Tired of waiting for visa approvals? Get a second passport!

Tired of waiting for visa approvals? Get a second passport!

Australian business travellers may be surprised to learn that citizens can hold two Australian passports under certain circumstances.

Visa applications can involve a fair amount of waiting time, particularly if corresponding by snail mail – a second passport would allow round-the-clock travel, even during these times.

Consider this nightmare situation: your passport is out of your hands for a few days, and you receive that phone call.

The boss says you’re needed on the next flight to Auckland, Hong Kong or Los Angeles for an important business meeting, so if you only have one passport, you’re in hot water!

While you could try to reschedule or might consider begging the appropriate embassy or consulate for your passport back, if it’s also happened before, you might just have a stronger case for a ‘concurrent passport’ application.

Though an incredibly helpful tool, the Department of Foreign Affairs and Trade (DFAT) advises that the “granting of a concurrent passport is to be very tightly controlled and only approved where all other options have been exhausted.”

Nevertheless, there are two main reasons that such a request could be considered.

As mentioned, travellers facing lengthy and/or costly delays when obtaining visas for other countries may be eligible, with concurrent passports to hold a maximum validity of three years when DFAT is provided with “no defined end of travel”.

Secondly, some countries won’t allow travellers to enter if their passport bears an entry stamp or visa from countries where diplomatic relations do not exist – an issue often plaguing travellers who have been to Israel.

Having a ‘clean’, unstamped passport might be your best bet in this situation, and is also a valid reason to apply.

Other exceptional circumstances may be assessed on a case-by-case-basis, with all applications for a concurrent passport carrying the full application fee of the existing passport type (Ordinary, Frequent Traveller or Emergency).

If this all sounds like too much effort, there’s always the option of an APEC business travel card, which avoids the need to apply for visas to many countries once approved.

Get the latest updates for business traveller and frequent flyers: follow @AusBT on Twitter.

Chris Chamberlin
Chris Chamberlin is a senior journalist with Australian Business Traveller and lives by the motto that a journey of a thousand miles begins with a single step, a great latte, a theatre ticket and a glass of wine!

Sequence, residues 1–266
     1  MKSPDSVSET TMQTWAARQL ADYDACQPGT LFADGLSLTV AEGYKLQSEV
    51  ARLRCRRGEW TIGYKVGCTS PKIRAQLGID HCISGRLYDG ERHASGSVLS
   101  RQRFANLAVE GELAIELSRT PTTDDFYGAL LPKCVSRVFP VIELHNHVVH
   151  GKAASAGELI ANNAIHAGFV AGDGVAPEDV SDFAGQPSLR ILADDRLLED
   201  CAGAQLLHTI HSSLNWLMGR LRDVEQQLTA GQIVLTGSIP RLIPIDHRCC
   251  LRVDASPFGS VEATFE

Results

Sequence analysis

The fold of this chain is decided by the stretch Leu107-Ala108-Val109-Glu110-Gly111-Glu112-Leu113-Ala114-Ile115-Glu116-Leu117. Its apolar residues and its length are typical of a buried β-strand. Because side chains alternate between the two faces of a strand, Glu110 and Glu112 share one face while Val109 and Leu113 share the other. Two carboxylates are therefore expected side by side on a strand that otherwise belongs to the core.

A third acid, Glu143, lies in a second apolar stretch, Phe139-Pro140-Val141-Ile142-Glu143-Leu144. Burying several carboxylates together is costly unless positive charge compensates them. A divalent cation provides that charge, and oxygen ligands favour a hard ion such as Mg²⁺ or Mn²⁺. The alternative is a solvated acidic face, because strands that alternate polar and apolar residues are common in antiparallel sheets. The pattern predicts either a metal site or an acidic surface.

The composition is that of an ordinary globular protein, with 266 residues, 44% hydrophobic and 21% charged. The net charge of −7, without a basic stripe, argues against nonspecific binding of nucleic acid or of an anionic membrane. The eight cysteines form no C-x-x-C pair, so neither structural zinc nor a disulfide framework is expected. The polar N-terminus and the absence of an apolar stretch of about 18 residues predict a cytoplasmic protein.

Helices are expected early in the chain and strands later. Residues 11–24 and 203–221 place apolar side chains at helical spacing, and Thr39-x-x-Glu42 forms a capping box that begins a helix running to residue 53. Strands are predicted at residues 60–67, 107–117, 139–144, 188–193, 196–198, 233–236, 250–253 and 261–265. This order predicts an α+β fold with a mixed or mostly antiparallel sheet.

• fxdxdy


    22 Nov, 2013 01:29 pm

    I doubt this happens to too many people but some countries WONT let you travel with two passports in your possesion, such as Saudi.
    If they find the second passport on you then you are in a world of hurt.
    This can mean having to travel to a place such as the Emirates and leaving one of your passports in a bank safe.

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  • TheRealBabushka


    23 Nov, 2013 01:00 pm

    Dear DFAT,

    I'm writing to request a concurrent passport to be used by Mossad to facilitate the "clean up" of our diplomatic quagmires in Russia, the Ecuadorian Embassy in London and other places yet to pose a problem to us. 

    Yours sincerely,

    Joe-Public-Ignorance Is Bliss


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  • Amjid


    24 Nov, 2013 02:11 pm

    TRB - Your letter above is a classic... Im still laughing and its been more than 5mins!

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  • Luke Taylor


    25 Nov, 2013 06:24 am

    I have been doing freelance work in the UAE and every 30 days have to go to Oman for a visa run. I have heard that Omani passport stamps are an issue going into the USA, can anyone tell me if that is true? If so is that grounds for a concurant passport?

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  • Peter Loh


    25 Nov, 2013 02:11 pm

    IATA's Timatic doesn't appear to list any issues upon entering USA when your passport has an Omani stamp in it.

    Additionally, I flew from Muscat to Mexico City last April and then onto Dallas last May on a British passport with no issues.

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20 Jul, 2019 07:27 am


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